How cyclical a business is plays a large role in determining how much of its capital should comprise equity and how much should comprise debt.
To illustrate, compare two businesses in different industries. Each have average earnings of $5/share, but for Company A, earnings fluctuate drastically from year to year, while for Company B, earnings are $5/share year in year out. As a result, Company B can afford to take on more debt: since its earnings are stable, it can safely afford to make its interest payments without much doubt. On the other hand, Company A should be capitalized with mostly equity, since it can't be counted on to make its payments when times are bad, and therefore risks defaulting.
The airline industry is a good example of a cyclical industry. When the economy slows, business and personal travel drops. Further exacerbating the airlines' plight is the fact that many of their costs are fixed (e.g. costs of running, leasing and maintaining airplanes), so when revenues drop, profits take a bit hit and often go negative. On the other hand, utilities are relatively stable, as during recessions, you still use the same amount of electricity in your home.
But what about all the industries in between? Sometimes, it's not so easy to determine how cyclical an industry is, which makes it difficult to know if one of your investments has more debt than it should (which risks your investment!).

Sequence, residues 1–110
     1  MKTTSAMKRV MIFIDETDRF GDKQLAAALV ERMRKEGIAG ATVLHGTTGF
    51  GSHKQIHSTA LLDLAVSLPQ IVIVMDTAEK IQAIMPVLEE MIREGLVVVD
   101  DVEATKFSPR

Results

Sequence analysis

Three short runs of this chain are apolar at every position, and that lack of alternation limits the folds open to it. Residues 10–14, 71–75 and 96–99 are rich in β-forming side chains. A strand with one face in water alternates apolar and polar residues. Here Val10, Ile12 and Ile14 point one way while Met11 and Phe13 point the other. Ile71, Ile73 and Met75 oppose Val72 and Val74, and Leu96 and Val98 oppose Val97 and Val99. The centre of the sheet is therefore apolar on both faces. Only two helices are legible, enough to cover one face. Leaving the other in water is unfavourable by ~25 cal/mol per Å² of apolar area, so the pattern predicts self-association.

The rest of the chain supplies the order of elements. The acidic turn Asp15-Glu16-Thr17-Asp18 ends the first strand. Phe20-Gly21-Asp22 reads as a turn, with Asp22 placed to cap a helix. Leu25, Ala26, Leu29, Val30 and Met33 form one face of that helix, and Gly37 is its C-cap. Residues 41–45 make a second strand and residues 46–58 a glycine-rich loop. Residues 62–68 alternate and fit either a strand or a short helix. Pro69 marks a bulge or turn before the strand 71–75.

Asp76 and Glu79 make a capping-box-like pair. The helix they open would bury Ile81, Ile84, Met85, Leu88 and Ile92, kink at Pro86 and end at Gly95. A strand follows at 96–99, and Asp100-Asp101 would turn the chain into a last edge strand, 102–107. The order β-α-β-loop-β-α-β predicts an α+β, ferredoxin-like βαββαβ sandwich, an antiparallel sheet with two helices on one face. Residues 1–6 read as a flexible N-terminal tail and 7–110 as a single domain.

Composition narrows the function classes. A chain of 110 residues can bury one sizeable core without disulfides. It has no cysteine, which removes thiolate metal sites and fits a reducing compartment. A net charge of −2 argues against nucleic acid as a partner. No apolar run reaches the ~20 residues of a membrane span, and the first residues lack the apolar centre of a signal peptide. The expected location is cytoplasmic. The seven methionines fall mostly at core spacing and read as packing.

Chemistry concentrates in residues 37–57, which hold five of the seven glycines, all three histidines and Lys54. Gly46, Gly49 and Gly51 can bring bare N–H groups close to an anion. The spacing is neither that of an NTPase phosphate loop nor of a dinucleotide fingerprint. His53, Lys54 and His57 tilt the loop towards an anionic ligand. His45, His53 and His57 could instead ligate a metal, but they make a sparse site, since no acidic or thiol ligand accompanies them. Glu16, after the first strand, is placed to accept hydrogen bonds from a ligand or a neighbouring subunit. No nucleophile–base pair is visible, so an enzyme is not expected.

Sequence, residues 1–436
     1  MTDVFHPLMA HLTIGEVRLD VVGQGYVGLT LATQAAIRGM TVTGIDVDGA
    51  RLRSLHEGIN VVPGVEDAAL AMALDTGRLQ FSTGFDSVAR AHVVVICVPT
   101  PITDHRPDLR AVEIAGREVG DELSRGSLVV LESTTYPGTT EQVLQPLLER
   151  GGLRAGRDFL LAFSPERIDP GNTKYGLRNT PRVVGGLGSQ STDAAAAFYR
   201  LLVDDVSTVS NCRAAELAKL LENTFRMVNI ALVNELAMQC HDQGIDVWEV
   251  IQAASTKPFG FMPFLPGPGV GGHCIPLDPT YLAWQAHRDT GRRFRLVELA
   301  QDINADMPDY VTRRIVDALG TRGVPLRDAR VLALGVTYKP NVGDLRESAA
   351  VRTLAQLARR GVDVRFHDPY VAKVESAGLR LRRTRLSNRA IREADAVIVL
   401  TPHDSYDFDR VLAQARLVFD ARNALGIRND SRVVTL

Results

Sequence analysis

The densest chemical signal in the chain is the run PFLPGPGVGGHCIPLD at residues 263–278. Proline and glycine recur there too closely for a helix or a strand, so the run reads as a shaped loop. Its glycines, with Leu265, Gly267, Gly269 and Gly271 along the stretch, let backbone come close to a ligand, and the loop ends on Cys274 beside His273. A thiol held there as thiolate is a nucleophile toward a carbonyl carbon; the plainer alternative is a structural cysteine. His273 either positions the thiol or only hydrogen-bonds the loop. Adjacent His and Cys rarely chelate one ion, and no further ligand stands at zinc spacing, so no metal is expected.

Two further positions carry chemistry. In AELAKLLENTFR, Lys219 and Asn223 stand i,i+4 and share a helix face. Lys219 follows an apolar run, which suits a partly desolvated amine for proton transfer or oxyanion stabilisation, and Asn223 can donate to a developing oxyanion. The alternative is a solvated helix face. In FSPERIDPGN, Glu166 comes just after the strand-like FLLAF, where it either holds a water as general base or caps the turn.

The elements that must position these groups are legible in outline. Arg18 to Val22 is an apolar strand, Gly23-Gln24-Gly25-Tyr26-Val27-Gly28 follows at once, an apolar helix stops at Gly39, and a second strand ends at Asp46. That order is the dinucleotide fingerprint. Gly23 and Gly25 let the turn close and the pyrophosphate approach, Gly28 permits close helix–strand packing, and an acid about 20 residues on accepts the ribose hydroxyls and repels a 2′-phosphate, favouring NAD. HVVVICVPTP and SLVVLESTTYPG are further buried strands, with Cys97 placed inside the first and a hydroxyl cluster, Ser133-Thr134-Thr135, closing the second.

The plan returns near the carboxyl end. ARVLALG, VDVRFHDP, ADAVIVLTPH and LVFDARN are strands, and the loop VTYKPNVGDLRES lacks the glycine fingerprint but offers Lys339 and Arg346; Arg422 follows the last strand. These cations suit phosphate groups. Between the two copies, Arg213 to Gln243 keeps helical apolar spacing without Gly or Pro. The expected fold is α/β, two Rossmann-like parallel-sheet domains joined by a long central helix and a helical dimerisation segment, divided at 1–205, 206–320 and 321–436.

Bill Conerly, Ph.D, tries to tackle this problem in his book, Businomics. I haven't read it yet, but Bill assures me he discusses the degree of cyclicality of various industries within it. He also showed me a couple of spreadsheets where he's amassed peak to trough sales data for many sub-industries.
Some of these on the spreadsheet (linked above) are intuitive. For example, pleasure boats and pleasure aircraft rank as among the most cyclical, while electricity usage is near the bottom. But some are more difficult to understand. For example, soap and eggs are near the top of the list, while hotels are near the bottom; I would expect these items to be reversed! I asked Bill about some of these peculiarities but I haven't heard back from him in three weeks...Perhaps he's waiting for me to find the answers in his book, which I hope to do soon!